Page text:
recorder method online : descant/sopranoe flat / d sharp
Dr. Brian Blood

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First Octave :: Second Octave: C :: C#/Db :: D :: Eb/D# :: E :: F :: F#/Gb :: G :: G#/Ab :: A :: Bb/A# :: B :: Third Octave

This section gives advice on the following topics:

How To Finger The Note E flat
How To Tongue The Note E flat
Intonation and Musical Line

How To Finger The Note E flat in the Second Octave

The sixteenth note we learn, E flat in the second octave on the descant (soprano) recorder, lies on the top space of the treble clef. The enharmonic equivalent is D sharp - it has the same fingering as E flat. Click on the play button in the Sibelius score to hear it. Below that we give the standard fingering for this note, the fingering you would use under normal circumstances.

Legend: = hole covered = hole uncovered = pinched thumbhole

Recorder Thumb 1 2 3 4 5 6b
  -----left hand------ -----right hand-----



Using the standard nomenclature, the fingering for second octave D sharp, or for the enharmonic equivalent E flat, is written 2 3 4 5 6a 6b. An alternative fingering for this note covers the top finger hole and is written 1 2 3 4 5 6a 6b.

How To Tongue The Note E flat in the Second Octave

We have given two fingerings for the note E flat in the second octave because you may find one or the other easier when moving quickly to E flat from other notes. You may also find that one or the other fingering is better in tune on a particular instrument and might be better particularly if you have to hold E flat for a significant length of time where imperfect tuning would be more obvious.

Intonation and Musical Line

You may already have noticed, particularly if you have taken a look at our alternative trill fingering chart, that recorder players are quite prepared to sacrifice accuracy of tuning for comfort when playing trills or sequences of notes moving at speed. The human ear is a poor judge of pitch within quick passage work. This is one reason why judging a players skill on his or her ability to play at speed gives only an incomplete picture of the player as a musician. It has long been recognised, by Quantz, Telemann and many other teachers and performers, that the most severe test of good musicianship is in the performance of slow movements.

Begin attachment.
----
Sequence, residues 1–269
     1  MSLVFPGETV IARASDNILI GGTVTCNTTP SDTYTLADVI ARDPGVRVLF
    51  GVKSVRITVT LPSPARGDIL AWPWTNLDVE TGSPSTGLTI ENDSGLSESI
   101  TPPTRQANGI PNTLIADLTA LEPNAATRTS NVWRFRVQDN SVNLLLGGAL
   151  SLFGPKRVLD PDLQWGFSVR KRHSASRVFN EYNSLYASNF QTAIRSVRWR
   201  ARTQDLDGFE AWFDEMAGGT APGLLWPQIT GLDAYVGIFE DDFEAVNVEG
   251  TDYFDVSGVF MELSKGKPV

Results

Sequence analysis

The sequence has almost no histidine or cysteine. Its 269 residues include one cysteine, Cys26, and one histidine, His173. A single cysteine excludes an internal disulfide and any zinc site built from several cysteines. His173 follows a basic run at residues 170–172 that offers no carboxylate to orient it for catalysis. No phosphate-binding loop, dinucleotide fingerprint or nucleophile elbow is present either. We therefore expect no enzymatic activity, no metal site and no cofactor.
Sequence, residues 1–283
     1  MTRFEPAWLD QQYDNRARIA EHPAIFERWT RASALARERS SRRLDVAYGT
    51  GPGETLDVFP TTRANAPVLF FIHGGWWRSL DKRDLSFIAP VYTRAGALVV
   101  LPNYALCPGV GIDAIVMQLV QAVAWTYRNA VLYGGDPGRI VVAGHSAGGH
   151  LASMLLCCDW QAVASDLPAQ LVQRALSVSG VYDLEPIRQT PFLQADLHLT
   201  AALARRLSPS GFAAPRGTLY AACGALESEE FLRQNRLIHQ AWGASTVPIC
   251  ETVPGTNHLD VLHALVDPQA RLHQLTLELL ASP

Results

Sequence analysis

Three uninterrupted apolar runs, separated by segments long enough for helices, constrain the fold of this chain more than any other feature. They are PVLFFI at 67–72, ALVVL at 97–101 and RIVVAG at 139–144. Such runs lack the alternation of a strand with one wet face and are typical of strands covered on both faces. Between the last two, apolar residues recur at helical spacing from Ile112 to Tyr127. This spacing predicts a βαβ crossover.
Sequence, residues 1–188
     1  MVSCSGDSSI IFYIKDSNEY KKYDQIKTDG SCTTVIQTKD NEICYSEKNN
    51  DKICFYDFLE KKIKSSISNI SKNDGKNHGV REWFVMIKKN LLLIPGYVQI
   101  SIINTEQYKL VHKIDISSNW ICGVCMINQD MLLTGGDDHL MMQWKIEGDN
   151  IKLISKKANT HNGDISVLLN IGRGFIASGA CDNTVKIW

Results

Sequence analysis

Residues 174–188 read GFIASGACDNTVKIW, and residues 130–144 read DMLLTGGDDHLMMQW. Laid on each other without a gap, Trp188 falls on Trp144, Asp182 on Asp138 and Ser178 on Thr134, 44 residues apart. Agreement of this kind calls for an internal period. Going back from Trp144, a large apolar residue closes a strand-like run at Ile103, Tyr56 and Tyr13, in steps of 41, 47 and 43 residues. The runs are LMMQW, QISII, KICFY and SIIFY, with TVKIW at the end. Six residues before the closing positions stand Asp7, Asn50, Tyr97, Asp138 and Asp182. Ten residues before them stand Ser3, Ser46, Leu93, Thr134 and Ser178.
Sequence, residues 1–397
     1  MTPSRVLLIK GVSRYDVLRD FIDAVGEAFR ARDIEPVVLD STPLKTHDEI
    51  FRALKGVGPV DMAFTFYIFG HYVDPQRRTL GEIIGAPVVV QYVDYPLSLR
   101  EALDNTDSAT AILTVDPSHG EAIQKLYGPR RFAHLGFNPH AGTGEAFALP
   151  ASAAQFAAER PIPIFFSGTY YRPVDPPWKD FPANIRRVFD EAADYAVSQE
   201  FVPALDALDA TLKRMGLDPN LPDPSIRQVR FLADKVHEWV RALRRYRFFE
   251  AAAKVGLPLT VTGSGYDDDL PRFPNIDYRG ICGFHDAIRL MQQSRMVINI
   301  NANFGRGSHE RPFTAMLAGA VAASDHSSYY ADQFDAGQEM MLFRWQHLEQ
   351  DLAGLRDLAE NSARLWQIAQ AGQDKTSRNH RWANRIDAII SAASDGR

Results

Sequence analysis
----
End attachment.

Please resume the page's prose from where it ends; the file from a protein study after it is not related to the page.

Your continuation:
Quantz, in On Playing The Flute, writes: 'The Adagio ordinarily affords persons who are simple amateurs of music the least pleasure. There are even some professional musicians who, lacking the necessary feeling and insight, are gratified to see the end of the Adagio arrive. Yet a true musician may distinguish himself by the manner in which he plays the Adagio, may greatly please true connoisseurs and sensitive and feeling amateurs, and may demonstrate his skill to those who know composition. Since it does remain a stumbling-block, however, intelligent musicians will, without my advice, accommodate themselves to their listeners and to the amateurs, not only to earn more readily the respect befitting their skill, but also to ingratiate themselves.'

So the proper test of a complete musician is the player's ability to retain your interest in his or her colour of tone, accuracy of pitch and musicality of line when the notes are moving only slowly, Many a musician who dazzles with astonishing mechanical facility can be brought down to earth by a limited musical imagination. We shall spend some time later discussing musical line and how this can be projected on the recorder, even with its undeserved reputation for limited tonal range. We believe that, in so many cases, this has been a case of an inferior workman blaming his tools.

Some recorder players have taken a more extreme position and have thrown caution to the wind in the search for a greater musical freedom - Frans Brüggen, for example, after starting his career with a commendable approach to musical line and tuning (one has only to listen to his early recording of the Sammartini Concerto for Descant Recorder), developed an idiosyncratic 'bulge' in his recorder playing which was then taken up by his colleagues and pupils, and even the pupils of his pupils, leading to what many recognise as a characteristically 'Dutch' school of recorder playing. One might argue that this alternative attitude to the relationship between musical line and intonation arose from ideas in avant-garde twentieth-century musical thought and that this had made so great an impression on Frans Brüggen, whose promotion of avant-garde recorder writing is probably his finest achievement, that it coloured his approach to baroque performance. The problem with this wholly 'modern' attitude to pitch and musical line is that it entirely contrary to the attitude of seventeenth and eighteenth century teaching and as a result the recorder has gained a poor reputation outside its own immediate world. Many fine players have worked hard to regain for the recorder a more appropriate status but on the whole this has been sought by playing music faster and faster rather than through a deeper understanding of musical language. One is left still dreading the slow movements while the fast movements pass as a hot puff of wind.

It is now time to try the next piece no. 16 where we introduce E flat.